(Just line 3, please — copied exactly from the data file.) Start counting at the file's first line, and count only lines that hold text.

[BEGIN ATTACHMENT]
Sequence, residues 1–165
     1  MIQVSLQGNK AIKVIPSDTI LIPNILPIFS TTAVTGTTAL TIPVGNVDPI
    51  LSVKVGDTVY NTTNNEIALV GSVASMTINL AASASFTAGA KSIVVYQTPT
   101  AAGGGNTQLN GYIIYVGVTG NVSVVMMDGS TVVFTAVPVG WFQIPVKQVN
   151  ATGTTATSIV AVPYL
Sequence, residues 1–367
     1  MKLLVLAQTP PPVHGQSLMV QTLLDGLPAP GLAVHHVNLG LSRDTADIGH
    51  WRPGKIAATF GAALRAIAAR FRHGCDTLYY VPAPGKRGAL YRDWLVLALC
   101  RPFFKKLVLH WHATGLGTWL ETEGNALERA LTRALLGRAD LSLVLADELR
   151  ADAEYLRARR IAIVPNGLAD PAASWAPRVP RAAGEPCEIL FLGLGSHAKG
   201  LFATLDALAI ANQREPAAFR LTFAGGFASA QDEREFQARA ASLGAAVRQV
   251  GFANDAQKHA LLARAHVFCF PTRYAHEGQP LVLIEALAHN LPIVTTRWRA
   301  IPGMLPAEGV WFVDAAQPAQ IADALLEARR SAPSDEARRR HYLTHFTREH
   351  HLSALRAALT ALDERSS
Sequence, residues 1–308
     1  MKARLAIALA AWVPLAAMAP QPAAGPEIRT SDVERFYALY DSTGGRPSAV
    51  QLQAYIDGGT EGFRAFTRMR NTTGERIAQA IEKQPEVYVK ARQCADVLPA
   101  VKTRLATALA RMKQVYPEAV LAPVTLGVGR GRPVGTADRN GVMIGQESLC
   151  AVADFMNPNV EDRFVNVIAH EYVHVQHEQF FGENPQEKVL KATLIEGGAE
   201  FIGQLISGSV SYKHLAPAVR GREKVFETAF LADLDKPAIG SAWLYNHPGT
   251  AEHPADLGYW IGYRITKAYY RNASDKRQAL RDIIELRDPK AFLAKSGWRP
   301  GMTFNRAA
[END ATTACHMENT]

    51  LSVKVGDTVY NTTNNEIALV GSVASMTINL AASASFTAGA KSIVVYQTPT